Transit(ion) movement and stasis in Brian Bartlett's "All the train Trips"


The first time I travelled on a train was also the first time I had been outside of the Maritimes. I remember the conductor announcing we had exited New Brunswick and entered Quebec, and I also remember looking out the window at that moment, half expecting to see some sort of noticeable physical change. Not the black line that divides provinces on maps, but perhaps a geographical landmark: a river, or ridge, or change in tree species. Maybe Quebec was a somewhat different hue than New Brunswick; I’d always imagined it as slightly bluer. But even if there had been some stark difference between the two spaces, I had no way of knowing where the division would be. The train conductor’s message moved through time at the same rate as the train, so I couldn’t be sure which word signified the split second of movement between the two provinces. Was it before he started the announcement or after he finished it? Maybe it happened right when he uttered the word “now,” or “entering,” or “Quebec.” Maybe he had perfectly practiced and timed his announcement so we would cross between the two provinces at the very moment he breathed the voiceless velar stop at the end of the last word. Maybe we had crossed the border five minutes ago and he just remembered to announce it now.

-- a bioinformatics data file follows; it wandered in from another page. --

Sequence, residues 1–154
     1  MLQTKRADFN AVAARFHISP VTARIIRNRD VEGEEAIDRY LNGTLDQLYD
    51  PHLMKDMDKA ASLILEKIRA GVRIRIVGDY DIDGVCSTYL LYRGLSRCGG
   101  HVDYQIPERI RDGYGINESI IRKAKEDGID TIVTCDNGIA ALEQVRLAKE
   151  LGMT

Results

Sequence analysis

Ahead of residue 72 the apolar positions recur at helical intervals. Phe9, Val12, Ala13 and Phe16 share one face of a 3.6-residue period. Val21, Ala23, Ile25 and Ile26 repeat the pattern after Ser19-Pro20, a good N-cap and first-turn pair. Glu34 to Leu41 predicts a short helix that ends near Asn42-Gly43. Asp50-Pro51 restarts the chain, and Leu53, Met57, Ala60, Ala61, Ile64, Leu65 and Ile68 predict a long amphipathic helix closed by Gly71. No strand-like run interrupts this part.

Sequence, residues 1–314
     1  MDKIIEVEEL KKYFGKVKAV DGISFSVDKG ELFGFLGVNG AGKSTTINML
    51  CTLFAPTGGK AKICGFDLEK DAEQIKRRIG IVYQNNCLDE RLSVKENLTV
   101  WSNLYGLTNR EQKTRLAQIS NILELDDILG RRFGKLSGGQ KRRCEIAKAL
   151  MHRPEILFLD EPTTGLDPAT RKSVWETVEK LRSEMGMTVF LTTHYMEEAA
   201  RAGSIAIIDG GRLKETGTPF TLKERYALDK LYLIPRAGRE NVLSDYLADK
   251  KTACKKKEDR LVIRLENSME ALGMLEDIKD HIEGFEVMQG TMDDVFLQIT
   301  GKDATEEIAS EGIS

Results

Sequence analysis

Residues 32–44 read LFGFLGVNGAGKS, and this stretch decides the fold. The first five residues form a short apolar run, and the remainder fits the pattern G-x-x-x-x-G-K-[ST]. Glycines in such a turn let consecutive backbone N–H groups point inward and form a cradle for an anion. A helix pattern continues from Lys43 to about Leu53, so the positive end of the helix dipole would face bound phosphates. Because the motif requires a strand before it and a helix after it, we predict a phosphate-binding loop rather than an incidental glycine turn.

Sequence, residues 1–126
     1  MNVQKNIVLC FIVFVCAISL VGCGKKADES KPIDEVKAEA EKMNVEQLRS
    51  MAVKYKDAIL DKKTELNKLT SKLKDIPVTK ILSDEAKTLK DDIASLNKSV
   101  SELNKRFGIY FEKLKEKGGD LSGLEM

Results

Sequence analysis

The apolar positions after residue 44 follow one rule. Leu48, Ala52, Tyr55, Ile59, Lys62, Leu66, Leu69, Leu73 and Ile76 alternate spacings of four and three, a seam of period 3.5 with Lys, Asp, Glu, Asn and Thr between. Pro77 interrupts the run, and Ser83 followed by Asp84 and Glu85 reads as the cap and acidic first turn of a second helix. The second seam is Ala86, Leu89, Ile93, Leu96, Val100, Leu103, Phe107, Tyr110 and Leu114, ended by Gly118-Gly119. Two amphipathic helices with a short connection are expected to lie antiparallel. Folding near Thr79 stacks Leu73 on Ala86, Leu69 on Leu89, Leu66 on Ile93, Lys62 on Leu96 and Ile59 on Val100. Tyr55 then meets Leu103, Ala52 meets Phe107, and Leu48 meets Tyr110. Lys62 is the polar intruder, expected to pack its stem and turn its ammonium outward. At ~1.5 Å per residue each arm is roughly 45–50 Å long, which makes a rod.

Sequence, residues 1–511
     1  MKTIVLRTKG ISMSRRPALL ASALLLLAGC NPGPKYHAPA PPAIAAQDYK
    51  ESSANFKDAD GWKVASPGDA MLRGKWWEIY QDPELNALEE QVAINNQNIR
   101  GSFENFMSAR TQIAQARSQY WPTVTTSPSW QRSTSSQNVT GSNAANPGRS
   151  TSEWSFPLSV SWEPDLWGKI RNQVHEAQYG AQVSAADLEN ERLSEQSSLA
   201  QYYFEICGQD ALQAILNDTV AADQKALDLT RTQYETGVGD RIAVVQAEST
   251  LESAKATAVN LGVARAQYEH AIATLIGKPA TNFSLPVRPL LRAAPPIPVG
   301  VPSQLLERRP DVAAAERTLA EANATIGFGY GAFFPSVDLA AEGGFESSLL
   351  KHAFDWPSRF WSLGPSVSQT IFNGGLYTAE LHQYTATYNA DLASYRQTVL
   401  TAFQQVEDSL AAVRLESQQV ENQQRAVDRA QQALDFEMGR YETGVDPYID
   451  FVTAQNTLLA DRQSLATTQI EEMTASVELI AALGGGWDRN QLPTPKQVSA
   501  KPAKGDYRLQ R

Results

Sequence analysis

In the end, there were no noticeable differences between the spaces that Quebec and New Brunswick occupy. And even if there were, the setting that facilitated that crossing stayed static: blue patterned train seats, grey carpet, silver-rimmed windows. Trains are spaces that move through time and space, yet remain unchanged and static during that movement. They are, as critics Michel de Certeau and Ana Luz theorize, “in-between” or "other places;" they are neither the departure point or the arrival point, but somehow simultaneously encompass both (Egger 252-253). Or, perhaps, trains belong to Marc Augé’s “non-places,” spaces in which “nothing is fixed and stable and where time and place are fluid and hybrid and seem to follow their own rules" (Augé 83). In either interpretation, trains are theorized as distinct from that which surrounds them. Here, a binary between train and not-train is present, which brings along with it the binaries between movement and stasis, as well as self and other.

The aural and visual prosody of his poem not only mimics the chugga-chugga of a train moving across the tracks, but also the back-and-forth nature of the “in-between” space, one that is neither here nor there but has qualities of both.

In Brian Bartlett’s poem “All the Train Trips,” we can see the poetic creation of this transitional space that the above critics theorize. Bartlett’s narrative, much like his form, moves back and forth between specific memories and general insights. The aural and visual prosody of his poem not only mimics the chugga-chugga of a train moving across the tracks, but also the back-and-forth nature of the “in-between” space, one that is neither here nor there but has qualities of both. By exploring Bartlett’s poem in tangent with my own personal experiences, as well as the theories which surround both literal and literary train travel, I will examine how Bartlett creates a transitional space in his poem through the contrast between movement and stasis. Additionally, by moving back and forth between my own living experiences and the more static critical texts I have introduced, I hope to formally recreate this tension that underlies “All the Train Trips."